E. H. Henry died on March 5, 1984, at eighty-nine years of age. His funeral was held on March 10 at the Tabernacle in Egypt, Texas. Rev. N. Williams, pastor of the Elm Grove Baptist Church, conducted the funeral. His wife Mamie lived to be 100 years old. They are buried in the Elm Grove Community Cemetery.
Years later, in 2013, one Eagle Lake resident commented, “Prof. Henry is a hero to all blacks and many whites here. It is my misfortune never to meet him.”
Colorado County Historical Commission, Colorado County Chronicles from the Beginning to 1923 (2 vols., Austin: Nortex, 1986). Helen Craig, Email correspondence with the author, January 13, 2013. Eagle Lake Headlight, August 12, 1971; March 22, 1984. E. H. Henry, Jr., Telephone Interview by author, January 18, 2013. Eugene H. Henry III, “The Biography of E. H. Henry, Senior” (clipping), Archives of the Prairie Edge Museum, Eagle Lake, Texas. Mamie A. J. Henry, Funeral announcement, January 21, 1995, Egypt, Texas, Archives of the Prairie Edge Museum, Eagle Lake, Texas. Eagle Lake Historical Committee, A History of Eagle Lake (Austin: Eakin Press, 1987). Sandra C. Thomas, Historic Eagle Lake (Charleston, South Carolina: Arcadia Publishing, 2012).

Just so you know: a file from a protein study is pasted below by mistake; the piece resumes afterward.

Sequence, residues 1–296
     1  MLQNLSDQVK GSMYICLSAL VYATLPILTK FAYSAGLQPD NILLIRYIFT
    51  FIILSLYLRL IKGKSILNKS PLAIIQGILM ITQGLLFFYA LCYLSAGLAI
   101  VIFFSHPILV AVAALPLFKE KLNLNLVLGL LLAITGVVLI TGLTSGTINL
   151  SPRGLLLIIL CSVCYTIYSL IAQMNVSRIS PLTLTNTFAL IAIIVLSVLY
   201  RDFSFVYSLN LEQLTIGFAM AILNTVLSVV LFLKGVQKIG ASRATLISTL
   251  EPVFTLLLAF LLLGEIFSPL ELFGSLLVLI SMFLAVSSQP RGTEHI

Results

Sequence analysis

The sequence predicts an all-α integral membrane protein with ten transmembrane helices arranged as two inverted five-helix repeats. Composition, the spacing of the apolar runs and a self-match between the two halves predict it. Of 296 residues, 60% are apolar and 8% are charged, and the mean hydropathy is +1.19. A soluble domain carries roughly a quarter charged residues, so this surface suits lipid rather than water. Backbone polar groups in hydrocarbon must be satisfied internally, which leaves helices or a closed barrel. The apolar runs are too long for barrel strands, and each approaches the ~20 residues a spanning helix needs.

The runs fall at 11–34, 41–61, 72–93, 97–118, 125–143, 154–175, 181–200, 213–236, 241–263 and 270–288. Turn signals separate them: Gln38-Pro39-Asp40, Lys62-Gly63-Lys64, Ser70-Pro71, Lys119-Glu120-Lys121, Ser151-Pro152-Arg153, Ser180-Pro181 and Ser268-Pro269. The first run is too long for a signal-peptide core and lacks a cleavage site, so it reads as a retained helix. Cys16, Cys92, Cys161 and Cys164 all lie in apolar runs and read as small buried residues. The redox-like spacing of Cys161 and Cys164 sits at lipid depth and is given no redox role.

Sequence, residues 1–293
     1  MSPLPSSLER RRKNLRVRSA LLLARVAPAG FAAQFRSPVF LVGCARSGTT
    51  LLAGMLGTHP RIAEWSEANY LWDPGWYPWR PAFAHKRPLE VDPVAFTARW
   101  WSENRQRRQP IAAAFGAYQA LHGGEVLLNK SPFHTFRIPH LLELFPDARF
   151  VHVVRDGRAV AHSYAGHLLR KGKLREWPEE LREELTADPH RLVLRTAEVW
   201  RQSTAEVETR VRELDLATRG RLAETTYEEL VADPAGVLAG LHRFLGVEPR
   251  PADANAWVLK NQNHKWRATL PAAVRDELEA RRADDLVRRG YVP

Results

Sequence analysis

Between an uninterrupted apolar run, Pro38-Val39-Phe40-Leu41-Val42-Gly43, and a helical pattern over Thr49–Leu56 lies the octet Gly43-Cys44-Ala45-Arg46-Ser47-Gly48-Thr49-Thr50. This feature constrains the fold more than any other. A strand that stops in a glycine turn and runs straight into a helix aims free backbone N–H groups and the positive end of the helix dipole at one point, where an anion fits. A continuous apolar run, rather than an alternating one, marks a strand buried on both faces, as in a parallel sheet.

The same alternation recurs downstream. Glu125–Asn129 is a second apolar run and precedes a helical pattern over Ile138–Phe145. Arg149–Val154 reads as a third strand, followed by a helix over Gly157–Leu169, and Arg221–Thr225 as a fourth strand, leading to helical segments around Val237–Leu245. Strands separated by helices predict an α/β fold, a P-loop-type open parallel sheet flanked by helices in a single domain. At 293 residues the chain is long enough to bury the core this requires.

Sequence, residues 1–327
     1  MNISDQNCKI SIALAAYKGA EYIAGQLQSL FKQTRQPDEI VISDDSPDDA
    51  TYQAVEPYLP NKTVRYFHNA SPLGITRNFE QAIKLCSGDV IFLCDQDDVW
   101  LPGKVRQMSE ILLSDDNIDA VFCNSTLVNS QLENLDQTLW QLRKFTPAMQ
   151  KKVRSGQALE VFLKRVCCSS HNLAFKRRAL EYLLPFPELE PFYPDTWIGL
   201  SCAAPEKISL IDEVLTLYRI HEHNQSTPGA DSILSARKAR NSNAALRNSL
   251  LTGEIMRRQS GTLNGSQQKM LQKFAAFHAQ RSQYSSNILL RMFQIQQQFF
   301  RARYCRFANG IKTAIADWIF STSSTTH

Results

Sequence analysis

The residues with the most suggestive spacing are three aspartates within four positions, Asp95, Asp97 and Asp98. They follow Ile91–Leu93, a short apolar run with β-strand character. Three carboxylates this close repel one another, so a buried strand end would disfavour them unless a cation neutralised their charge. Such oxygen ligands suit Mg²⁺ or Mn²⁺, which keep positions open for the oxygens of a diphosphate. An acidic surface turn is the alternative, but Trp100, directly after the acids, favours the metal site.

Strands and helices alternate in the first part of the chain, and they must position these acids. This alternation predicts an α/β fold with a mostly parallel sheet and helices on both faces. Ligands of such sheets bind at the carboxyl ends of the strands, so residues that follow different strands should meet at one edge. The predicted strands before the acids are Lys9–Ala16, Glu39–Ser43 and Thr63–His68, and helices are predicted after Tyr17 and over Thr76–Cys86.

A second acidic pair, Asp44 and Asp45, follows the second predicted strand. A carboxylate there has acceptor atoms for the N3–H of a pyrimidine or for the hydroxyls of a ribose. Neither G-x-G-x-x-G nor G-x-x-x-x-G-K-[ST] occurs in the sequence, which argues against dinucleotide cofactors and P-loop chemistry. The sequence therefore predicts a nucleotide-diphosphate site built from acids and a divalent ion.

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The following, adapted from the Chicago Manual of Style, 15th edition, is the preferred citation for this article.Handbook of Texas Online, Robert J. Duncan, "Henry, Eugene Herbert, Sr. ," accessed May 28, 2016, http://www.tshaonline.org/handbook/online/articles/fhe97.
Uploaded on July 1, 2013. Modified on July 2, 2013. Published by the Texas State Historical Association.